sprintf problems

Discussion in 'C Programming' started by merrittr, May 21, 2007.

  1. merrittr

    merrittr Guest

    I am trying to build variables for a function using sprintf. However
    they don't seem to be proper
    char strings since submiting literals seems to work fine. Any advice
    to get me rolling?

    sprintf( i1, "%s %s \0",v1,v2 );
    sprintf( i1, "%s %s \0",v3,v4 );
    printf("answer %s\n",add(cTypeCurr,i1,i2));
    printf("answer %s\n",add("i","3 i","4 i"));

    here is the output I get:

    ---retval èG♥ èG♥
    ---0.000000 3 i 4 i

    the function:

    char *add(char *ctype, char *i, char *j)
    {
    double x,y,z,a;
    static char retval[10]="retval";
    printf("---%s %s %s\n",retval,i,j); <--output line
    x=atof(i);
    y=atof(j);
    z=x+y;
    sprintf( retval, "%f",z );
    return retval;
    }
     
    merrittr, May 21, 2007
    #1
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  2. merrittr

    Jack Klein Guest

    On 20 May 2007 23:43:15 -0700, merrittr <> wrote in
    comp.lang.c:

    > I am trying to build variables for a function using sprintf. However
    > they don't seem to be proper
    > char strings since submiting literals seems to work fine. Any advice
    > to get me rolling?
    >
    > sprintf( i1, "%s %s \0",v1,v2 );


    What is the definition of 'i1', and what are the contents of 'v1' and
    'v2'? Are v1 and v2 strings, or are they numeric values?

    > sprintf( i1, "%s %s \0",v3,v4 );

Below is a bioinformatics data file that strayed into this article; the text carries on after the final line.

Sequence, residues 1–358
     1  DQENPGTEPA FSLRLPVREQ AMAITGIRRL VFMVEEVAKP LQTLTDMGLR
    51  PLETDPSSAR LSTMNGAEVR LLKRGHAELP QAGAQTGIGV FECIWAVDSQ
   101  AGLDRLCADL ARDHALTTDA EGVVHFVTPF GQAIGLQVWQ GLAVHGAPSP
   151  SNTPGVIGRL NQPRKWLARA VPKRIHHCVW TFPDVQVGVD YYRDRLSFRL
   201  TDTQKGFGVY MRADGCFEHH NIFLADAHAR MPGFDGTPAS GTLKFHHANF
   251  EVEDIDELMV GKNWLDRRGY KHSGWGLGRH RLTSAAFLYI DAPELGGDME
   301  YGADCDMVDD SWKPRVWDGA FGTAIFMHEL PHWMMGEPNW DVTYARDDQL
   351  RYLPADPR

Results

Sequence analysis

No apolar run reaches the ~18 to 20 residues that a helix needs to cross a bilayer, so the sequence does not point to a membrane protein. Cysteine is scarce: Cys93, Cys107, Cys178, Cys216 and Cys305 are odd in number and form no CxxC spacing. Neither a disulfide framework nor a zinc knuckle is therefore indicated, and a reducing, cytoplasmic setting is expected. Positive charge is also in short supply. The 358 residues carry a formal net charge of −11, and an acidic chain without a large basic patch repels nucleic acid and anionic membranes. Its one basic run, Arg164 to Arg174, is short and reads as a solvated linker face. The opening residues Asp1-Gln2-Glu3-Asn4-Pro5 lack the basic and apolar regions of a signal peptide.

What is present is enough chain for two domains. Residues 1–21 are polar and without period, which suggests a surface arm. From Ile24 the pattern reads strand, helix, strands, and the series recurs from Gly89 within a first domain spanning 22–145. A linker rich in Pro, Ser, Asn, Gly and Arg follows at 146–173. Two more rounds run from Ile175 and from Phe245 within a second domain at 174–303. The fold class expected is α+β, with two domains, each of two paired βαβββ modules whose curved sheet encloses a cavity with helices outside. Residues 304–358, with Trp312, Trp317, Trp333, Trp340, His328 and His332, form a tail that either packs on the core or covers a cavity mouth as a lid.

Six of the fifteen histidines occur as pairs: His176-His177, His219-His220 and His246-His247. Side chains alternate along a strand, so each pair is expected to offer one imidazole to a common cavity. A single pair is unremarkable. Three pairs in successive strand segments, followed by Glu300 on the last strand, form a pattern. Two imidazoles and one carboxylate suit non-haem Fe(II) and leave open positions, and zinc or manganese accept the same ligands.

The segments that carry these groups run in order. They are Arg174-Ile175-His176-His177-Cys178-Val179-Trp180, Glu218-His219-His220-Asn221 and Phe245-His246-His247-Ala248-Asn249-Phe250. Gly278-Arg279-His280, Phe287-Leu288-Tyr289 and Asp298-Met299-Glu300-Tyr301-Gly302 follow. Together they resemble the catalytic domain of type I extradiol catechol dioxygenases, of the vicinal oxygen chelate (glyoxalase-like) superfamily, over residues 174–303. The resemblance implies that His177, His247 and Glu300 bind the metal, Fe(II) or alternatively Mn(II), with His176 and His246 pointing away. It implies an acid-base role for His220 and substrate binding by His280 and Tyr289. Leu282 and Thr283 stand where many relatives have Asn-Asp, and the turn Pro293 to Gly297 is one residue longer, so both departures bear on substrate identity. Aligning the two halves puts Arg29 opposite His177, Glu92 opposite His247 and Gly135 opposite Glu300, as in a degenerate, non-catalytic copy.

Do you realize that this sprintf() just overwrites the value of the
    last sprintf()?

    > printf("answer %s\n",add(cTypeCurr,i1,i2));


    What is 'cTypeCurr'?

    > printf("answer %s\n",add("i","3 i","4 i"));
    >
    > here is the output I get:
    >
    > ---retval èG? èG?
    > ---0.000000 3 i 4 i
    >
    > the function:
    >
    > char *add(char *ctype, char *i, char *j)
    > {
    > double x,y,z,a;
    > static char retval[10]="retval";
    > printf("---%s %s %s\n",retval,i,j); <--output line
    > x=atof(i);
    > y=atof(j);
    > z=x+y;
    > sprintf( retval, "%f",z );
    > return retval;
    > }


    --
    Jack Klein
    Home: http://JK-Technology.Com
    FAQs for
    comp.lang.c http://c-faq.com/
    comp.lang.c++ http://www.parashift.com/c -faq-lite/
    alt.comp.lang.learn.c-c++
    http://www.club.cc.cmu.edu/~ajo/docs/FAQ-acllc.html
     
    Jack Klein, May 21, 2007
    #2
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  3. merrittr

    Flash Gordon Guest

    merrittr wrote, On 21/05/07 07:43:
    > I am trying to build variables for a function using sprintf. However
    > they don't seem to be proper
    > char strings since submiting literals seems to work fine. Any advice
    > to get me rolling?
    >
    > sprintf( i1, "%s %s \0",v1,v2 );


    <snip>

    You probably have something wrong before this line is executed. However,
    since you have not provided a *complete* compilable example showing the
    problem it is anybodies guess.

    One thing I do know is that you need to reread the chapter in your text
    book that introduces string literals, since you do not need the explicit \0.
    --
    Flash Gordon
     
    Flash Gordon, May 21, 2007
    #3
  4. merrittr

    merrittr Guest

    the v1,v2,v3,v4 vars ar built like this:

    cVal=getchar();
    while(cVal != '\n')
    {
    v1[iCharCount++] = tolower(cVal);
    cVal=getchar();
    }
    v1[iCharCount++]='\0';
    iCharCount=0;

    typically vi v2 v3 v4 are "5 i" or "4.5 d"

    cTypeCurr = "i" or "d" I don't think I will need this variable it is a
    remnant of something I was trying.


    whoops the second i1 should have been i2

    I added the \0 after I was getting these results , sort of as a long
    shot
    to see if my string termination wasn't working. So sprintf null
    terminates eh?


    sprintf( i1, "%s %s \0",v1,v2 );
    sprintf( i2, "%s %s \0",v3,v4 );
    printf("answer %s\n",add(cTypeCurr,i1,i2));
    printf("answer %s\n",add("i","3 i","4 i"));

    here is the output I get:

    ---retval èG♥ èG♥